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Maculopathy in patients with diabetes mellitus type 1 and type 2: associations with risk factors
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  1. Eckhard Zandera,
  2. Sabine Herfurthb,
  3. Beate Bohlb,
  4. Peter Heinkec,
  5. Uwe Herrmanna,
  6. Klaus-Dieter Kohnertd,
  7. Wolfgang Kernera
  1. aClinic for Diabetes and Metabolic Diseases, Karlsburg, Germany, bUniversity Clinic of Ophthalmology, Ernst-Moritz-Arndt University, Greifswald, Germany, cInstitute of Diabetes Gerhardt Katsch eV, Karlsburg, Germany, dInstitute of Pathophysiology, Ernst-Moritz-Arndt University, Greifswald, Germany
  1. Eckhard Zander, MD, Clinic for Diabetes and Metabolic Diseases Karlsburg, Greifswalder Strasse 11 A, D-17495 Karlsburg, Germany ProfKerner{at}drguth.de

Abstract

AIM To examine possible relation between diabetic maculopathy and various risk factors for diabetic complications in patients with diabetes mellitus type 1 and type 2.

METHODS Cross sectional study of two cohorts of diabetic patients, comprising 1796 patients with type 1 diabetes (mean age 47 years, mean duration of diabetes 24 years) and 1563 patients with type 2 diabetes (mean age 62 years, mean duration of diabetes 16 years). Retinopathy levels (R0–RV) and maculopathy were assessed by fluorescence angiography and fundus photography and binocular biomicroscopy. Diabetic neuropathy was assessed by means of computer assisted electrocardiography and by thermal and vibratory sensory examination. Patients were classified as normoalbuminuric (<20 μg/min) or microalbuminuric (20–200 μg/min) according to their albumin excretion rates measured in urine collected overnight. Using univariate analyses, the effects of selected patient characteristics on the presence of maculopathy were evaluated. Multiple logistic regression analyses were performed to determine independent effects of risk variables on diabetic maculopathy.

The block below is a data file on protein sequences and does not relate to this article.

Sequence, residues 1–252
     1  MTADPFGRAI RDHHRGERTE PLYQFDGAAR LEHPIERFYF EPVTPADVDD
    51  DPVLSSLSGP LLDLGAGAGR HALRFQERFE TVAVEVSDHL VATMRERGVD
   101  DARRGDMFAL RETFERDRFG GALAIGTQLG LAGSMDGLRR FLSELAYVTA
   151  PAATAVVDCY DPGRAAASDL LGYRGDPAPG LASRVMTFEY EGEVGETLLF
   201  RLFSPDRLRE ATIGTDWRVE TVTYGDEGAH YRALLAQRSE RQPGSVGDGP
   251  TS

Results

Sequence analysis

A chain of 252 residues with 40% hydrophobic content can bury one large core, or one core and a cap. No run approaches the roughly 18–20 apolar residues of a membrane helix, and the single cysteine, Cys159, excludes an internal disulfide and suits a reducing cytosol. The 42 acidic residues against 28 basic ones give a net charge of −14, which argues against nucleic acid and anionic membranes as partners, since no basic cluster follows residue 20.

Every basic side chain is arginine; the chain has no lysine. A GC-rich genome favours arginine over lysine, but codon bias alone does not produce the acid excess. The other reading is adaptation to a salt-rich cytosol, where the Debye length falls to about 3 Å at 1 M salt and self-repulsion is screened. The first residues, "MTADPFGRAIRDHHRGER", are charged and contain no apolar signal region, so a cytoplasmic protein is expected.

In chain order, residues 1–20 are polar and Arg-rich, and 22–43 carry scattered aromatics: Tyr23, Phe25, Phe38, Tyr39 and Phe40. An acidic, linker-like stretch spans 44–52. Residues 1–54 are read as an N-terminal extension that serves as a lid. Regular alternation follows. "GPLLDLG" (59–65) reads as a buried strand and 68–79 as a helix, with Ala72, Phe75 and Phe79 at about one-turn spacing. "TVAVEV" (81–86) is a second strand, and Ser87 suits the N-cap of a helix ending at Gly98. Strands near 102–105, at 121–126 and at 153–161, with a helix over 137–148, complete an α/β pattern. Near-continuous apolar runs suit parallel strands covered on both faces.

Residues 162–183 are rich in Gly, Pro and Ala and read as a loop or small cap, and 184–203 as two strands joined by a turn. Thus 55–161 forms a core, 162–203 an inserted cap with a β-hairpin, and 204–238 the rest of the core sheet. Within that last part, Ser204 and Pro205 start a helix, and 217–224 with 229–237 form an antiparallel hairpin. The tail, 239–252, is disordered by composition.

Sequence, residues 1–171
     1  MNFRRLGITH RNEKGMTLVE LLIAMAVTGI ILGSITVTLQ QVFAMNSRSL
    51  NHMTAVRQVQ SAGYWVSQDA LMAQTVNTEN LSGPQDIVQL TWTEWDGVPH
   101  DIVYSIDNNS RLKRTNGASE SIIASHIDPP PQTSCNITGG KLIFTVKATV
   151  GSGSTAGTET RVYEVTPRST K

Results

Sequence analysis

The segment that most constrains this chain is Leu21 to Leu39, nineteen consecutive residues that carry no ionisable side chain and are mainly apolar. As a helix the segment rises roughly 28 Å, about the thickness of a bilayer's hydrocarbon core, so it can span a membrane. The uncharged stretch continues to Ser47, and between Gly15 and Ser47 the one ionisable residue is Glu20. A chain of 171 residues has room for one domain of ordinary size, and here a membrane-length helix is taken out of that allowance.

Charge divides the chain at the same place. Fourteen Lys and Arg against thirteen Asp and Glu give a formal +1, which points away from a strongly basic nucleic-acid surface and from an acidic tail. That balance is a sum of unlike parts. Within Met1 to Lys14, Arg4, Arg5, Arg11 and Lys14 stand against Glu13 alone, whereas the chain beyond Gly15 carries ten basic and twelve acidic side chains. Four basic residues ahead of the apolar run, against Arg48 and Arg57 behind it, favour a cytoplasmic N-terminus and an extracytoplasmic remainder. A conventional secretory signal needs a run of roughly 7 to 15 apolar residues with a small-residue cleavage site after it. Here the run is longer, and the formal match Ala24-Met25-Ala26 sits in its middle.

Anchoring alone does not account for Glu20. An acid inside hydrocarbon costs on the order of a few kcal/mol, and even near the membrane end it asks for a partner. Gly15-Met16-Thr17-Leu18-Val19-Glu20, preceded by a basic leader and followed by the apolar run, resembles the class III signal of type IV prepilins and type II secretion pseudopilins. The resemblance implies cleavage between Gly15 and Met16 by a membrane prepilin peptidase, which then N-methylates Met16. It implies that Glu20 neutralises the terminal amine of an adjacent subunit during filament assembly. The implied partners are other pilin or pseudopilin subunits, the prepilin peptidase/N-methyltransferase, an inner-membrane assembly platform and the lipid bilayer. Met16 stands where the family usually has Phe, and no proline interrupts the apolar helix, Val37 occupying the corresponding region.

RESULTS Background retinopathy (RII) was found to be present in 28% of type 1 diabetic patients and in 38% of type 2 diabetic patients. The prevalence of maculopathy in these patients was remarkably high (42% in type 1 and 53% in type 2 diabetic patients). Patients with maculopathy had significantly impaired visual acuity. Multiple logistic correlation analysis revealed that in both types of diabetes maculopathy exhibited independent associations with duration of diabetes and with neuropathy (p <0.01); in type 1 diabetic patients there were significant associations with age at diabetes onset, serum triglyceride and total cholesterol levels (p <0.05); in type 2 diabetes with serum creatinine levels and with hypertension (p <0.05).

CONCLUSIONS Irrespective of the type of diabetes, diabetic patients with long standing diabetes have a high risk for the development of diabetic maculopathy. Diabetic maculopathy is closely associated with diabetic nephropathy and neuropathy and with several atherosclerotic risk factors which suggests that these factors might have an important role in the pathogenesis of maculopathy. However, prospective trials are necessary to evaluate the predictive value of such factors. The findings of the present cross sectional study reinforce the arguments of previous studies by others for tight control of hypertension and hyperglycaemia.

  • maculopathy
  • diabetes mellitus
  • hypertension
  • nephropathy
  • neuropathy
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